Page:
Saudi Arabia struggles to cope with cheap oil


Saudi Arabia has managed to buy itself a couple of months.

The global rout of oil prices is taking its toll on the kingdom’s bottom line. The country has been forced to cut government spending in its upcoming budget and increase production of crude oil—even though its hardly worth pulling it out of the ground.

Still, the world’s largest producer of oil appears on a crash-course for bankruptcy as early as of 2018, according to a new Big Crunch analysis.

Many oil-dependent nations are having to dig deep to balance budgets, with crude oil fetching so little on the global market. Money-rich nations like Qatar and Kuwait look to be getting by, while poorer nations like Libya have descended further into strife and civil war. Oil would need to be selling for $269 a barrel for Libya to balance its budget, according to the IMF.

Saudi Arabia is somewhere in between: A stable nation with a sizable backup of reserve assets, somewhere around $624 billion as of December. But much of that stability is bought with government jobs and generous public spending and with falling oil prices, the country has had to dip into its reserve assets to make up the difference.

Of course, the analysis depends on no major economic changes or events effecting Saudi Arabia. It also assumes oil prices remain low, which experts consider likely for the time being.

CNBC looked at the country’s finances back in August, when oil swung between $48 and $41 a barrel. It had fallen a long way from its highs of $65 a barrel a few months before, but our lower estimate for its direction was way off. At the time, CNBC estimated the Saudis would be broke in August of 2018, yet that was based on oil at $40 a barrel and before they cut public spending.

The 2016 Saudi budget includes a spending cut of 13.8 percent from 2015 levels, though projections from Barclays puts that cut closer to 5 percent. Even so, the country is expected to reach a budget deficit of 12.9 percent of GDP in 2016, according to the investment bank.

In addition to spending cuts, Saudi Arabia has increased production, to more than 10 million barrels a day as of October, the latest figures available from the Energy Information Administration (EIA).

While the increased production helps to add a bit to the Saudi’s bottomline, it does nothing to alleviate the glut of oil on the global market. Global production is projected to be 95 million barrels a day in the first quarter of 2016, and consumption around 94 million, according to the EIA.


i think they can cope with it much lower..but can the rest?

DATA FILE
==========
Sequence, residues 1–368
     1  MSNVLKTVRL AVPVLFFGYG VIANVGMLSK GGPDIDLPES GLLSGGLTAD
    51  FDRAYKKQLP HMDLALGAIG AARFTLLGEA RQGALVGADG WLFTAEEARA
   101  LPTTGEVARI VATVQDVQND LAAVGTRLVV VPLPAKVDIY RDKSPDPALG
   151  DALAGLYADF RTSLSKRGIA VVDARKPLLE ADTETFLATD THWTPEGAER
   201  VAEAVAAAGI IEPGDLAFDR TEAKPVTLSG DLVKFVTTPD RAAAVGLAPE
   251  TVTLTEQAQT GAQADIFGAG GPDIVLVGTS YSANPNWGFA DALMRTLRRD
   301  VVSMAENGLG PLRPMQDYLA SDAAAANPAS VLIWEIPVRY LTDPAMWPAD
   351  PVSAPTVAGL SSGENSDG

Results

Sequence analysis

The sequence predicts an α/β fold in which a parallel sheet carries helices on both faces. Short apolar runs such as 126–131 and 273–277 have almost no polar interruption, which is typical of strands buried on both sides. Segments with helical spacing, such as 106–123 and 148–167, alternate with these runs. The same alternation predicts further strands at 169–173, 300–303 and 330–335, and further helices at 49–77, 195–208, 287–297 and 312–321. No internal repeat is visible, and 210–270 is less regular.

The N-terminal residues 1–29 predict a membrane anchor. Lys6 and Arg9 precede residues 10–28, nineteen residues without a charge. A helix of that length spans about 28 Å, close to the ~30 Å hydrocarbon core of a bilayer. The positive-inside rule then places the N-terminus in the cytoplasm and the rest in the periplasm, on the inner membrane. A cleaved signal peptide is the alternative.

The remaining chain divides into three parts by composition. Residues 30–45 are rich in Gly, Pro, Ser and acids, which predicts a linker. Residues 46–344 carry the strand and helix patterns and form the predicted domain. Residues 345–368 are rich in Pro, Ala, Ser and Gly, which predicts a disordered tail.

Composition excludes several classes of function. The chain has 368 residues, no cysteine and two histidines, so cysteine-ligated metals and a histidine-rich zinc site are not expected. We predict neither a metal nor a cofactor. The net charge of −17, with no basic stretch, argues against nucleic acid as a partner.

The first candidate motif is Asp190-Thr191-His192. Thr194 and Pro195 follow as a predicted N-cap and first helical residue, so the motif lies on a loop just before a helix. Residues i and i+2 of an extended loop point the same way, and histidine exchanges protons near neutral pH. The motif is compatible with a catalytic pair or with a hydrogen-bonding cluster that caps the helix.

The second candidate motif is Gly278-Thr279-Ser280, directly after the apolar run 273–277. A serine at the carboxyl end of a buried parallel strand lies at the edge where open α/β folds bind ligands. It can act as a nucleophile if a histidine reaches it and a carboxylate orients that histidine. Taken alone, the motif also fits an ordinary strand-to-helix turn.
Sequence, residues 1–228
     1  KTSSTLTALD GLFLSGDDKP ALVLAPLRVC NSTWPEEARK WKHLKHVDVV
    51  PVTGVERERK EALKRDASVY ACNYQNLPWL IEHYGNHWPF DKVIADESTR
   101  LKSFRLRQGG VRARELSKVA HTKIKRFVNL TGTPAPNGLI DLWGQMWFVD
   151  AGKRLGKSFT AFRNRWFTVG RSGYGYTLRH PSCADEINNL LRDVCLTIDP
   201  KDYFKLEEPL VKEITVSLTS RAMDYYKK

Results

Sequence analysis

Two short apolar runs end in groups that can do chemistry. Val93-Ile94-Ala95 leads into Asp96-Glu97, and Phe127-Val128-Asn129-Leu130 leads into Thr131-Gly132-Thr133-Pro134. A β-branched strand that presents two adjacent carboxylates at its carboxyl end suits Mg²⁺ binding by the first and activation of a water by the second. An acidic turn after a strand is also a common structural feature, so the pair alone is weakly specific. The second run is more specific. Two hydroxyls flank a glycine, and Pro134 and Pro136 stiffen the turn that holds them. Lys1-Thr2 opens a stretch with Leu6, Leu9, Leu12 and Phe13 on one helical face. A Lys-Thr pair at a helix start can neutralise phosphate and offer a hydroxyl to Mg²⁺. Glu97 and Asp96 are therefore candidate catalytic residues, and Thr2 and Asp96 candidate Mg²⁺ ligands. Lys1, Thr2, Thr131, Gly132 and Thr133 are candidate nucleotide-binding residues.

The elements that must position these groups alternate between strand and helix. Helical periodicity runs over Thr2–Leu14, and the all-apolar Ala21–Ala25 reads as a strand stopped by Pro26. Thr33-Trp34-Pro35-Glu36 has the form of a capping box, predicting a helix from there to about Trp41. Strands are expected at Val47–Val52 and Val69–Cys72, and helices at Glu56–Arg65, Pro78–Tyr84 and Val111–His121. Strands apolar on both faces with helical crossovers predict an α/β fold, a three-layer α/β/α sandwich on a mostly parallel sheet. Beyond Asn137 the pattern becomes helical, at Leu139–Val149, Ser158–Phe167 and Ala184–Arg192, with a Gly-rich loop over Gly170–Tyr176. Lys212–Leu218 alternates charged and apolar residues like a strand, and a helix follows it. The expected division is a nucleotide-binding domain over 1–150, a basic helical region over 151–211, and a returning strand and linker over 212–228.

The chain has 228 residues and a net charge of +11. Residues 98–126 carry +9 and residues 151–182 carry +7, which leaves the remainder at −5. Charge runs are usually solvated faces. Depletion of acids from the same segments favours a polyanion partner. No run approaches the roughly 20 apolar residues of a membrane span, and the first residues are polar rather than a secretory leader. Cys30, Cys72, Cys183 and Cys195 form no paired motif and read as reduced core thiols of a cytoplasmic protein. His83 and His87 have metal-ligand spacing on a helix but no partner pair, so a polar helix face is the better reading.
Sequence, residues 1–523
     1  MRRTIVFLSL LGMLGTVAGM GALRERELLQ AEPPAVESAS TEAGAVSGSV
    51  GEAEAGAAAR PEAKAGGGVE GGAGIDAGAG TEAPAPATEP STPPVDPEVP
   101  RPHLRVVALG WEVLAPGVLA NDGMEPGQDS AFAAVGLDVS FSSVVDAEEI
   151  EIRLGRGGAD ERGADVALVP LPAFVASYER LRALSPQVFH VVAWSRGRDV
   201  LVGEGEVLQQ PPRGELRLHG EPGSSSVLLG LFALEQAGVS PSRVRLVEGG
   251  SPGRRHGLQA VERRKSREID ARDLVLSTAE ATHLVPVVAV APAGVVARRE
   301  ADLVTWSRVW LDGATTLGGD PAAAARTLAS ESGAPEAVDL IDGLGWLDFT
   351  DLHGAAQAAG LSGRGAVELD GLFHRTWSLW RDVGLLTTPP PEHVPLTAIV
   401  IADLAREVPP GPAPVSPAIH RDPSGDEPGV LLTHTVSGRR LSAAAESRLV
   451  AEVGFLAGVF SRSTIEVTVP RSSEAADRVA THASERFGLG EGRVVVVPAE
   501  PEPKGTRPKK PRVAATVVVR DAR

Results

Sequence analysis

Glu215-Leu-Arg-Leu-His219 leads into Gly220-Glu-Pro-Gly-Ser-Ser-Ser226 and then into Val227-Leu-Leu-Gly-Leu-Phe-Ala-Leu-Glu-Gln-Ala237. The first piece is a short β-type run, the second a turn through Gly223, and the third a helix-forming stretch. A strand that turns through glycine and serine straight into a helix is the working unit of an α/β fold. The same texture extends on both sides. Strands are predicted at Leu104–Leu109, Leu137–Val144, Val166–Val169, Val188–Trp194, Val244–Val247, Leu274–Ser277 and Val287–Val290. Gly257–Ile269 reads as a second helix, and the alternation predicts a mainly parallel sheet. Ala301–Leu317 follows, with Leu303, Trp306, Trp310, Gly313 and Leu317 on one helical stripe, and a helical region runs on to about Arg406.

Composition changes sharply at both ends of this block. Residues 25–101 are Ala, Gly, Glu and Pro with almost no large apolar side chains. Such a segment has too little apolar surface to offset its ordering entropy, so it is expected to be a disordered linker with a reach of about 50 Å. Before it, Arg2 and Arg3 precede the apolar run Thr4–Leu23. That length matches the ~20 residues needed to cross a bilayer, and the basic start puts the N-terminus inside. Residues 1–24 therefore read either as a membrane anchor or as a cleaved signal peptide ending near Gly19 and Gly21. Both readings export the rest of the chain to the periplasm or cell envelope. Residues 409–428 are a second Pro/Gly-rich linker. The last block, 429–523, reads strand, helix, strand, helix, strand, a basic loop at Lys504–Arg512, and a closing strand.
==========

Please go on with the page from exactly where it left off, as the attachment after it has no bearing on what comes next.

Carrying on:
looks like everyone in the world has the sauds penciled in for you think they will just let that happen?

“the world’s largest producer of oil appears on a crash-course for bankruptcy as early as of 2018, according to a new Big Crunch analysis.”

the opening up of aramco will help inject cash..the war will drag them down further than any oil price..


~ by seeker401 on February 2, 2016.

6 Responses to “Saudi Arabia struggles to cope with cheap oil”

  1. IMF sees years of austerity for Saudi Arabia, as debt defaults loom

    The International Monetary Fund has predicted years of higher taxes and low fuel subsidies for oil-rich Saudi Arabia. As crude prices have fallen more than 70 percent in 18 months, weaker players could soon start to default on debts.
    Saudi Arabia will need to stop relying so heavily on oil revenues, which make up more than 80 percent of the government’s wealth, said Masood Ahmed, head of the Middle East department at the IMF.

    “This will have to be part of a multi-year adjustment process. There will have to be a major transformation of the Saudi economy. It is necessary, and it is going to be difficult, but it is a challenge which I think the authorities have clearly laid out,” Ahmed told the Telegraph.

  2. The Zionists will save the Saudis, the monarchy is made of crypto-jews and Wahabism and Sunni Muslims aren’t a threat to Israel like the Shia hezbollah, Assad Syria and Iran.

  3. “SA is not a state, it’s an oil company, it’s more like an oil field with a giant military fences put around it by the US and Britain”…


    • Poor Saudi Arabia. They don’t realize it yet but they have lost their oil war. The war in its current phase began in September, 2014, when the dying King Abdullah and his Minister of Petroleum, Ali Al-Naimi, told US Secretary of State John Kerry they would gladly join Washington in plunging world oil prices. It became clear the main Saudi motive was to eliminate the new growing challenge to their control of world oil markets by forcing prices so low that the US shale oil industry would soon go bankrupt. For Kerry and Washington the focus, of course, was to economically cripple Russia in the wake of new US sanctions by damaging their revenues from export of oil. Neither achieved their aim.

      Now, however, it’s clear that Saudi Arabia, which along with Russia is the world’s largest oil producer, is going down a dark road to ruin. Washington seems more than happy to cheer them on.

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